The season for recruiting has begun, and campus admissions counselors are at high schools around the world scouting prospective students.The heavy recruiting season is from early September to late November, and a group of about 15 staff members in admissions are visiting 35 states and 25 countries this year, said Ray Brown, dean of admissions.
Brown, who in previous years traveled to recruit in England and Scotland, just returned from a week-long trip visiting 12 high schools all over the Hawaiian Islands.
“There was a huge turnout at all of the high schools in Hawaii, and I had a blast,” said Brown, who will be traveling to Pittsburgh, Minnesota and California during the next couple of weeks. “I actually travel the least on the staff.”
Karen Scott, director of international admissions, is traveling internationally to recruit prospective students and is currently in India.
A recruiting trip involves meeting with prospective students at high schools during the day and participating in college fairs in the evenings, Brown said.
“We provide information to students and answer any of their questions they might have,” Brown said.
Brown said people from international countries rely heavily on the reputation of a school when making their decisions.
“Reputation plays a huge role because the students can’t visit the campuses ahead of time,” Brown said.
The high schools the admissions staff choose to attend are selectively chosen by looking at the success of previous visits, Brown said.
“We go where we have been successful before and review where many of the applications have come from and where the students who enroll have come from,” Brown said.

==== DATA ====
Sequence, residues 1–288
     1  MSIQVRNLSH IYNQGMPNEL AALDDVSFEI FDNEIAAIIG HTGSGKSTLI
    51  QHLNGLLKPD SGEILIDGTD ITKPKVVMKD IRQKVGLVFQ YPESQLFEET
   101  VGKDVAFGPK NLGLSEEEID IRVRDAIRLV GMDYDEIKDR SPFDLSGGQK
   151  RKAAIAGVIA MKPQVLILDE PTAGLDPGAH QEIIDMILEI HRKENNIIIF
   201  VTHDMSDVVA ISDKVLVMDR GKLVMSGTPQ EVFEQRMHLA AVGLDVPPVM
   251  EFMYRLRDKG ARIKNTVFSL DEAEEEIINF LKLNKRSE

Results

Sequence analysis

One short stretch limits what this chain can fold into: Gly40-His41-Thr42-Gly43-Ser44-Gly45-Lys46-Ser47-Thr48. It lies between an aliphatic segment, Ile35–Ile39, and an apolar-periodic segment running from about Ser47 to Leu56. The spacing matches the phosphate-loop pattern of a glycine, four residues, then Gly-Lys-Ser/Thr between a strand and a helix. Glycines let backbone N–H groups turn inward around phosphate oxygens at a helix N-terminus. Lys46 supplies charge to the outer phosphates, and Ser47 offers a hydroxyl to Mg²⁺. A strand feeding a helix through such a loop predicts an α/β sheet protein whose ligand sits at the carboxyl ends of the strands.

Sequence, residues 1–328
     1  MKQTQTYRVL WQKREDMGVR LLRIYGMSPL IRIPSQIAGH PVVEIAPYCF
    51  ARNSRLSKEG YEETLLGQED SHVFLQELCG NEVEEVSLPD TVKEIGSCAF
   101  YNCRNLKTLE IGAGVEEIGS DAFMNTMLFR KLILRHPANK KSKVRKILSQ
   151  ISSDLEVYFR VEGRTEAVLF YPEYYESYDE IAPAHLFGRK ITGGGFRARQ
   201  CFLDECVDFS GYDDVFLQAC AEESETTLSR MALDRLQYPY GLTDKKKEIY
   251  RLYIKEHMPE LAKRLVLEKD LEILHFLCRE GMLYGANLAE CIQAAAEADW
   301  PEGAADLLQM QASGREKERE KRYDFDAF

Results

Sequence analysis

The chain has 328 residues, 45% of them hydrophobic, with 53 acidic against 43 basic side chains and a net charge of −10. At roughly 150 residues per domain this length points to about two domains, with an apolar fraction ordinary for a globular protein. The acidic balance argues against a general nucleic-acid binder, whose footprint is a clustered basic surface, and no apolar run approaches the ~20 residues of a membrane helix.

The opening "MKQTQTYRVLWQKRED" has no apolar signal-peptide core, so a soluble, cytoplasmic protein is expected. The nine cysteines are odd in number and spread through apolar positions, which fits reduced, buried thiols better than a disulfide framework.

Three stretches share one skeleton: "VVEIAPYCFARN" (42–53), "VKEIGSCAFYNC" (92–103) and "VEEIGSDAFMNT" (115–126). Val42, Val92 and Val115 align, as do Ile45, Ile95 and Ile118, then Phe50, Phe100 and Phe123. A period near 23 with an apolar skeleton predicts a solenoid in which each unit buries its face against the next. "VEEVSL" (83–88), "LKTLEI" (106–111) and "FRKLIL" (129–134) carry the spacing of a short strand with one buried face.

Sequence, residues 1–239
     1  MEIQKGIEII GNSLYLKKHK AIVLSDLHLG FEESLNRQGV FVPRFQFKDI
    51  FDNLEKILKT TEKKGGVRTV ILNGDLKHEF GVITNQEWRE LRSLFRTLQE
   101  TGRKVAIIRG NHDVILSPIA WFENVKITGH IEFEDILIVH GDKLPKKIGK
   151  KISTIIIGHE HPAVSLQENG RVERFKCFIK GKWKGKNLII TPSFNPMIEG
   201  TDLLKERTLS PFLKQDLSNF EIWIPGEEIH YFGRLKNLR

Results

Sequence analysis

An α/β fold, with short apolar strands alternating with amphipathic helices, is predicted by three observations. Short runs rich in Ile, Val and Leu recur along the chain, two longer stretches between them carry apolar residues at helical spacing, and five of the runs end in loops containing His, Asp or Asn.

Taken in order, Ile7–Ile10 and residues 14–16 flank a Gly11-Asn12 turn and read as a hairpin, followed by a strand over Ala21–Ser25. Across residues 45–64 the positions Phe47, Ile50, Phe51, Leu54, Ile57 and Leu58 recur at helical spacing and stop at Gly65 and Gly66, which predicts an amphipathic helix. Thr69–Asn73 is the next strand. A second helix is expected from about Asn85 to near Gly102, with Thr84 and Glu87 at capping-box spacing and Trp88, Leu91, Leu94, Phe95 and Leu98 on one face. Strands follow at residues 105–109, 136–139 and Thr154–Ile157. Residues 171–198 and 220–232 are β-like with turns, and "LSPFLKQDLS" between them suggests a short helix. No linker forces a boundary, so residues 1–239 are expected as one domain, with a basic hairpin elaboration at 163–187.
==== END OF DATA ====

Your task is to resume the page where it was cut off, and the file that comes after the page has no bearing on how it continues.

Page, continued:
Beth Humphrey, associate director of admission, recently returned from a recruiting trip to Tulsa, Okla.
“I had a wonderful time and saw many students with a sincere interest at TCU,” Humphrey said.
Humphrey said TCU is successful at admitting students because of a strong calling campaign, including the Leap Frogs and International Ambassadors, which are programs preceding every high school visit with phone calls to students.
Kaushal Amatya, a sophomore psychology major from Nepal, said TCU didn’t visit his high school, but he did receive a call from a TCU student who was in International Ambassadors.
“It was really nice to hear from a TCU student because it looked like TCU was interested in my attending the university,” Amatya said.
A senior communication studies major and ambassador, Tiffany Wang, said International Ambassadors is an organization composed of a group of selected TCU student volunteers who serve as a liaison between the university and the prospective international students.
They call the students, send postcards and answer any questions the student might have,” Wang said.
Amatya is involved in Leap Frogs, a similar student organization that calls prospective students nationwide and informs them if a guidance counselor from TCU will be coming to their high schools or nearby college sessions.
“I want to help others out, like they have done to me,” said Amatya. “I just love TCU and love answering any questions students might have.”
TCU has about a $4 million budget per year, out of which $75,000 is budgeted for recruitment, Brown said. He said about $1.5 million to $2 million of the admissions budget is spent on salaries and $500,000 is spent on postage for mailings to prospective students, Brown said.
Brown said TCU has received more than 1,000 applications already for fall 2007, which is more than any previous year.
“TCU is continuing to be such a hot place everywhere,” Brown said.